I read Clementine Ford’s article in The Age dated March 25, Is this photo grounds for death? I shared it around the usual social media traps. It is an issue that should be highlighted.
I also read Ruby Hamad’s article in The Age dated March 28, Why protests must be culturally appropriate and noticed Ruby copping a bit of flak from Australian women.
In summary, Amina, a 19 year-old Tunisian woman, adopted a western protest style to seek freedom for the women in Tunisia and she is now in a mental hospital. Clementine wrote of the case and Ruby has provided a culturally sensitive perspective which has generated some discussion.
I am one of what I believe is a fairly unique group of women: I am an atheist feminist married to a Muslim. I have visited a very strict Islamic country, Qatar. If you are reading this and don’t know my stance on religion and feminism, I suggest you read the following articles before you continue reading this one! 😆
- What is it with religion and women?
- The battle of feminist ideologies
- If this is feminism you can keep it – warning discussion of rape and swearing
It is clear from the above articles I am NOT into preserving the status quo!
Besides being married to a Muslim, I have several Muslim co-workers as well. The Muslims I know cover a wide spectrum of strictness. One co-worker’s wife wears traditional Islamic dress, while others are much more relaxed and drink alcohol and smoke.
There is an old saying, you catch more flies with honey than vinegar. Westerners view the place of women in some Islamic societies as subjugation (I say “some” as there is wide variation between Islamic societies). Personally, I agree. We need to remember though, many Islamic women view our freedoms as abuse of us by western society. Those very strict Islamic societies have existed that way for generations, many members of those societies know nothing else. If we want to encourage societies to move into the 21st century, we can’t shock them into change because the action seems, to them, quite crazy.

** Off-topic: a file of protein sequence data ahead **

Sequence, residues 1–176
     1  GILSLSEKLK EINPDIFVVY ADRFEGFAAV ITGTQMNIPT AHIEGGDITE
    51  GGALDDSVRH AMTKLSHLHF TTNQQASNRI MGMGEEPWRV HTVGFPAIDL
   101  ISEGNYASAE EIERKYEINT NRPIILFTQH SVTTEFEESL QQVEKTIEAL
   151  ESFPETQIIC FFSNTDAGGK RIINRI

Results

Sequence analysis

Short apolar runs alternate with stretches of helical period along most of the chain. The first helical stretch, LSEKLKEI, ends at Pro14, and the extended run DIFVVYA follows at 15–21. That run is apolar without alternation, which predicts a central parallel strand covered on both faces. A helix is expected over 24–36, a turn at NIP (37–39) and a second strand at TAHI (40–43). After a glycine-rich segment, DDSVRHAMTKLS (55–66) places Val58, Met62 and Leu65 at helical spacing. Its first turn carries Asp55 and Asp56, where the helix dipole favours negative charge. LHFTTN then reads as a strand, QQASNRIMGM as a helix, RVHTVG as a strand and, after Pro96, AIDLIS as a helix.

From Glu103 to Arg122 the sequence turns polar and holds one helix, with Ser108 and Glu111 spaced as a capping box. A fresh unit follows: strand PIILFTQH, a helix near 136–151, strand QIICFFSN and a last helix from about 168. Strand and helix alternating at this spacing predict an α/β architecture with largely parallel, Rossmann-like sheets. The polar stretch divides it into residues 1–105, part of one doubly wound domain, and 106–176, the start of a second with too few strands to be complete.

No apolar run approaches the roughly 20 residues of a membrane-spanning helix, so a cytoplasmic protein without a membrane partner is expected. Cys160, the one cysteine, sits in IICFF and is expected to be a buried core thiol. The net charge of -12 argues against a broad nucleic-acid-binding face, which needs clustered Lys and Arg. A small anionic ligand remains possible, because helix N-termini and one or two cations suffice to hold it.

Clementine quotes Amina’s aunt as saying:
“Amina does not exist anymore for me. She is responsible for her acts, and we are devastated by what she did. Our family is educated and open-minded and we did everything we could for her.”
Amina is now in a mental hospital, deemed crazy by the standards and beliefs of her society.
If you are an atheist, have you ever tried telling a Christian there is no God? While the Christian may respond in a civil manner, you can tell they think you are crazy. In fact, a complete aside, but I believe one of the reasons Tony Abbott is so “anti” Julia Gillard is because she is an atheist and Tony is a hell-fire and brimstone Christian. He believes he is a “fit and proper person” to be the PM because he is a Christian, while he believes Julia will go to hell for being a non-believer. Just my thoughts on that little cameo!
There is a chronic tendency in the West to treat our own liberalism as an innate rather than acquired characteristic. We may be comfortable enough with naked female bodies that we no longer wish to kill women who expose them, but no society can change overnight. And yet, we insist on speaking to Islam through that peculiarly Western phenomenon known as post-enlightenment rationalism.
Ruby is 100% correct. We westerners are a bit like the assertive atheists. We know the truth, so it should be clearly evident to everyone else. No, nothing is clearly evident to those who have NO experience of any other way than the way they know.
Those who have read my book, Love versus Goliath, will know we had to battle to be allowed to stay in the same room when I visited Mr O in Qatar. We were a married couple, but to the Qatari, we were a rather unusual married couple and they didn’t quite believe us.
When we went to the shopping centres in Qatar, the women were all in black and in many cases not even their eyes were visible. To them this is NORMAL, it is APPROPRIATE, it is RIGHT. They aren’t all running around believing they are being subjugated or oppressed.
If we want to encourage these societies to move forward, we have to speak to them in a language they can understand and they CANNOT understand naked female bodies. They just can’t. There is no point in saying “well, they should be able to”. It just isn’t going to happen.
With the advent of the internet and social media, young people see western ways they would never have seen in years past. Yes, to those young people I am sure our western freedoms can appear seductive and they want them NOW. They think organisations like Femen are wonderful, but they don’t have the life experience or political understanding to know what adopting such strategies will do in a fiercely repressed society.
Let me share a story from a book I’ve discussed before about Cultural Intelligence. A young man from a society that believed watching movies was evil (I forget now where he came from) went to New York to study, having won a scholarship. After living and studying in New York for a while, he realised he wasn’t going to be struck by lightening if he watched a movie so he went with his new western friends to the movies. He had to leave the theatre part-way through and vomited in the bathroom. His cultural “training” was so strong his body reacted against his new found knowledge that watching a movie would not lead to his death.
Clementine is right, to us Amina’s actions are definitely not grounds for death, of course not. Ruby is also right, that style of protest will not work in that society.
The secret is for us to find a way to help our sisters without alienating the societies in which they live, otherwise we will be locked out and they will be locked in.